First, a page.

Top Ten Reasons to Save Your Teeth

Top Ten Reasons to Save Your Teeth

Save Your Teeth

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1. Eating

This is what teeth were made for.  Eating is never the same with dentures.  As Dr. John Udouj use to say:  Dentures are not a substitute for teeth; they’re a substitute for no teeth.

2. Smiling

Uh… smiling with no teeth is not so pretty.

3. Speaking

There are many sounds that the mouth makes using the teeth.  The teeth also maintain a nice vault for a good tone in speaking or singing.

4. Maintaining the FaceSave Your Teeth

Without teeth, the bones of the jaws don’t have much reason to stay around.  As the bones shrink, the nose and chin become closer together, the lips collapse, and the face suffers.

5. Digesting

Chewing is the first step in digestion.  Don’t let your stomach wonder what happened up there.

6. Maintaining Bone

Jaw bones shrink without teeth and can become so thin that they are prone to fracture and difficult to construct dentures upon.

7. Avoiding Dentures

Believe me, if you think getting rid of teeth is getting rid of problems, then try dentures.  That’s when the real problems begin.

8. Maintaining Space

When a tooth is removed, the others shift to try to fill in the space.  Problem is they don’t do this in a nice, orderly fashion.  The teeth will tilt and turn and super-erupt and generally mess up the bite.  This shifting creates hiding places for plaque to build up causing cavities and gum disease

9. Saving Money

Replacing teeth many times ends up more expensive than saving the tooth in the first place.

10. Avoiding Trouble

All the above troubles can be avoided by maintaining teeth with good oral hygiene, a good diet, and regular check-ups.  Don’t believe us?  Ask your teeth.

Top Ten Orchestral Masterpieces

Top Ten Orchestral Masterpieces

Well, I couldn’t keep it down to just ten.  Pick your own from these 25 and we’ll discuss it.

1. Bach, J.S.:   Brandenburg Concerto #3 in G Major, BWV 1048

This great Baroque master had 20 children, and he was a professional musician.  He had to be great not to be a broke Baroque.  You saw that bad pun coming, didn’t you?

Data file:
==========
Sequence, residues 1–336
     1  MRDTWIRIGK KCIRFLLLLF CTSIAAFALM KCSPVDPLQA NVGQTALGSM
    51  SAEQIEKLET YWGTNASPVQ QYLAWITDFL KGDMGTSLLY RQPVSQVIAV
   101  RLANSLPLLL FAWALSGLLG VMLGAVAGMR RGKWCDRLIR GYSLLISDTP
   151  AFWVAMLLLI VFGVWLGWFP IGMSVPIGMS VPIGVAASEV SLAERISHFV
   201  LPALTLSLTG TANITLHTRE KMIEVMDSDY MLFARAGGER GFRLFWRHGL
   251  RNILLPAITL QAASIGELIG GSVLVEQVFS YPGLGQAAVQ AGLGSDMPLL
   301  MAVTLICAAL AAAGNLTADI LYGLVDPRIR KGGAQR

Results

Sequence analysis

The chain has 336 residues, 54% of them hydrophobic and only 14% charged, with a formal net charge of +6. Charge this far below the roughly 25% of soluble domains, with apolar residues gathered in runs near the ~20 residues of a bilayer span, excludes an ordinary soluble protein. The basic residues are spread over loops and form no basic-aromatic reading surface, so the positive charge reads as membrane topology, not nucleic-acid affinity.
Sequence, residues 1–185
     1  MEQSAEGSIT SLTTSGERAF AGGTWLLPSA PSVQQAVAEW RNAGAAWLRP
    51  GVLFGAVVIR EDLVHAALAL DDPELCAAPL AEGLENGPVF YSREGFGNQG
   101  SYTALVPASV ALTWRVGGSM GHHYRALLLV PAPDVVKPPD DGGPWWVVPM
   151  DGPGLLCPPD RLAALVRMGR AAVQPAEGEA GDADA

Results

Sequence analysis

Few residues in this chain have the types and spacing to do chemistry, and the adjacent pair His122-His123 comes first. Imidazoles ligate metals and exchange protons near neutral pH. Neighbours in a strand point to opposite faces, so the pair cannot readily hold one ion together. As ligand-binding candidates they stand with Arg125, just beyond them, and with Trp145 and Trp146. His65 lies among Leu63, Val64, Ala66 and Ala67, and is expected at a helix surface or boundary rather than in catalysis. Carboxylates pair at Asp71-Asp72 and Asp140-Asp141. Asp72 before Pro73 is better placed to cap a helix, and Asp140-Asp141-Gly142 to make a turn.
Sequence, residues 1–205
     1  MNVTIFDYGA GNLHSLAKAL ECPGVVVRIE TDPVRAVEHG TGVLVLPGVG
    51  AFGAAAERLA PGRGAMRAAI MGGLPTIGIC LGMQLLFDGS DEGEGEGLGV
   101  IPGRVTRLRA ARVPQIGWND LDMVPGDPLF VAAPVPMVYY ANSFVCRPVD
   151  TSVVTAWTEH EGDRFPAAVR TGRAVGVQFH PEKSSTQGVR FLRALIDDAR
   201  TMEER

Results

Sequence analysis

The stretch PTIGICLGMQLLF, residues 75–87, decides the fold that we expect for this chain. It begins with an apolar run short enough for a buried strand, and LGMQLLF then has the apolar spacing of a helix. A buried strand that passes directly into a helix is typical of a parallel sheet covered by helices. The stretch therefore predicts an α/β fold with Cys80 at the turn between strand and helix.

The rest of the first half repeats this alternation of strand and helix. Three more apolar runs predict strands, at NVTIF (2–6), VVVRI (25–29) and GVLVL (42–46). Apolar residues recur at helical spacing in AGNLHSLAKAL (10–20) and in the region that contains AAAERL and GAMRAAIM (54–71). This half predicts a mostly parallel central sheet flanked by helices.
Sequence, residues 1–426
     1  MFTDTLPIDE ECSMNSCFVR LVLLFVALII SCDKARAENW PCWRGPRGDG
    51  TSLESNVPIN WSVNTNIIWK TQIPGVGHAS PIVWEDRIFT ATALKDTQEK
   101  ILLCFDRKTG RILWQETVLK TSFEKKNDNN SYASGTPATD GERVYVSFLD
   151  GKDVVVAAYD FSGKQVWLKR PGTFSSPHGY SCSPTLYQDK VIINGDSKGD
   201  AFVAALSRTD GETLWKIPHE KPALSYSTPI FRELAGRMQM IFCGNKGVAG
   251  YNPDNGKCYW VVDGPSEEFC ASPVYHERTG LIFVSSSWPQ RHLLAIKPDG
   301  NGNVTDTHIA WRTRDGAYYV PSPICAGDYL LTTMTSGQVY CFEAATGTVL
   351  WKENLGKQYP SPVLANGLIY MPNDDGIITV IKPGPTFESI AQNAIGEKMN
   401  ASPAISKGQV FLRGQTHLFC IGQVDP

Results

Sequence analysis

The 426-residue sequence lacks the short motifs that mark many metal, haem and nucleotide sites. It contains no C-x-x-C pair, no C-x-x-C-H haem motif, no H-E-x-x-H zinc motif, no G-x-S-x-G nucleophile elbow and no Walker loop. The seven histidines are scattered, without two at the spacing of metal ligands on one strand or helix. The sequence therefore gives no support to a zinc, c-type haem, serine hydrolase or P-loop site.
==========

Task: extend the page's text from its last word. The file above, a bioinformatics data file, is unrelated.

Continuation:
Orchestral Masterpieces

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2. Beethoven:  Symphony #9 in D Minor, Opus 125, Choral

Beethoven was deaf when he wrote this greatest and most revolutionary of symphonies.  At the end of the premier, the concertmaster had to turn Beethoven around to see the applause.

3. Bizet:  Carmen Suites #1 & #2

A French composer that wrote the quintessential Spanish opera.  Go figure.  These orchestral-only suites are rich with themes you’ve heard anywhere from commercials and films to Bugs Bunny.

4. Brahms:  Concerto in D Major for Violin & Orchestra, Opus 77

Brahms wrote only one violin concerto, but what a masterpiece.

5. Chopin:  Concerto #1 in E Minor for Piano & Orchestra, Opus 11

Chopin composed mostly for piano alone, but this concerto embodies the early Romantic period of music perfectly.  The second movement always reminds me of my late wife Dona.

6.  Dukas:  The Sorcerer’s Apprentice, Scherzo after a ballad by Goethe

Well, you’ve seen Mickey Mouse be the Sorcerer’s Apprentice in Fantasia.  Now, just sit back and enjoy the music by itself, a masterful work of orchestral painting.

7. Dvorak:  Symphony #9 in E Minor, Opus 95, From the New World

This Czech composer expertly summarized America in this, his last symphony.  Listen for the tune “Coming Home” in the second movement.  The scherzo directly following is amazing, racing on toward the last movement and the symphony’s brilliant finale.  I used the scherzo as a test when purchasing a stereo system.  Heads turned at its power.

8. Gershwin:  Rhapsody in Blue

Now for an American composer.  Gershwin expertly fused classical with jazz in his most familiar work for piano and orchestra.

9. Grieg:  Peer Gynt Suites #1, Opus 46, & #2, Opus 55